Amour Efernal, by Luke Kopycinski

A fog of dark surrealism is blanketing a quiet pocket of London as Westbourne Studios provides a respite from the sugar-coated holiday season.  The intriguing themes of childhood duality from Victor Castillo and the fantastical sensuality of Luke Kopycinski offer a brooding refuge from a frozen capital.

For a self-styled underground gallery, London Miles lives by its niche market as the backstreets location is far from the beating path of shoppers.  However, those fortunate to navigate the endless maze of suburbia find a cultural oasis complete with palm trees, sofas, and a bar.

Within this courtyard space, Castillo’s nostalgic scenes of childhood deviance with a sideorder of American modernism are captivating.  His cartoon-style illustrations evoke memories of our own youthful misadventures, along with those of fictional anti-heroes like Mark Twain’s Tom Sawyer (1876).

Influenced by Disney and classic book illustrations, the Chilean artist has created a post-apocalyptic world with a fairy tale trim, populated by a sinister cast.  These hollow-eyed and sausage-nosed child actors perform innocent games with a fiendish twist in paintings such as Y Vienen Los Imbeciles (2010).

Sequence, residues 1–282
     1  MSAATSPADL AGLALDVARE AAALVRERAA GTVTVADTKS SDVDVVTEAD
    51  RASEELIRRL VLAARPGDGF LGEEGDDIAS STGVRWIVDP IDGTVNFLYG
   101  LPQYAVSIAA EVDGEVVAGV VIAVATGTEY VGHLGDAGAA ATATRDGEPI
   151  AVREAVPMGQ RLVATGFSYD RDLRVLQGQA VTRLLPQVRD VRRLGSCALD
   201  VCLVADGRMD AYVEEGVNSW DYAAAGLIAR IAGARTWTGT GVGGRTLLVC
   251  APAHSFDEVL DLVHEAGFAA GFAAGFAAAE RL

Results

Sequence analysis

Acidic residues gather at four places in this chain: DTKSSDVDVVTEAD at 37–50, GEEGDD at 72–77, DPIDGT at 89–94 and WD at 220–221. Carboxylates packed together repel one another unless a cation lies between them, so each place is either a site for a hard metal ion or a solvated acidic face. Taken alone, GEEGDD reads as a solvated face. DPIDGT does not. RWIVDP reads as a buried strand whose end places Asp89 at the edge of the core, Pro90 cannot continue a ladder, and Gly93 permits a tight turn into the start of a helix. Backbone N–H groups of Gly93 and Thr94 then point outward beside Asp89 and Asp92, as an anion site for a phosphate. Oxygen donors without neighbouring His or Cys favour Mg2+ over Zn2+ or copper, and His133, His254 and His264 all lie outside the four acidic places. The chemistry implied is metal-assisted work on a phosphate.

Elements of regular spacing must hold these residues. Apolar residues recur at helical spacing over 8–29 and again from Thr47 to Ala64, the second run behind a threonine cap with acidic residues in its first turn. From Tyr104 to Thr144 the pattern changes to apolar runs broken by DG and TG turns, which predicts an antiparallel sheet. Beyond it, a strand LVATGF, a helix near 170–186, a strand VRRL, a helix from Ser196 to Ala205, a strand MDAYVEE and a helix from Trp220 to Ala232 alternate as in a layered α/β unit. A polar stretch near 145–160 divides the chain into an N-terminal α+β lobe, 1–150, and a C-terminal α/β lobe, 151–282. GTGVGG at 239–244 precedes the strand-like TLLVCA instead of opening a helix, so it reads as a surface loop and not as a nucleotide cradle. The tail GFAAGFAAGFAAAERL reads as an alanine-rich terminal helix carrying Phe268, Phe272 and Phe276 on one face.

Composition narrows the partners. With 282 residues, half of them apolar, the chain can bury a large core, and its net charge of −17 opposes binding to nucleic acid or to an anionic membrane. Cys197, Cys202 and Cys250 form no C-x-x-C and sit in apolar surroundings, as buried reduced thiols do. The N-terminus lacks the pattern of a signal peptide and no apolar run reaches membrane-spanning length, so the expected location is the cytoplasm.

These violent acts are committed with compassionless naivety that satirises their parents’ penchant for death and destruction while reflecting on youth gang culture.  Harmless toys in the arms of cute urchins become weapons with cartoon overstatement, yet remain grounded in reality due to bleak lighting.

The suggestive fantasies of Kopycinski’s pieces suffer somewhat in a clash of theme and style in this group show.  Nonetheless, his blue-flamed sword and sorcery in Engloutie (2010) is strikingly reminiscent of the genre’s pioneer, Robert E. Howard.  Likewise, Amour Efernal (2010) smoulders with desire as the nebula-like explosions of light express the inner passion of a woman.

This exhibition is a festive treat for those that delight in gloom-drenched fantasy such as Tim Burton’s The Nightmare Before Christmas (1993).  However, this mismatched pairing is ultimately one-sided as Castillo’s corrupted cherubs seduce budding scrooges into their evil embrace.

Victor Castillo and Luke Kopycinski at the London Miles Gallery runs until 10 January 2011.

Lie to Me, by Victor Castillo

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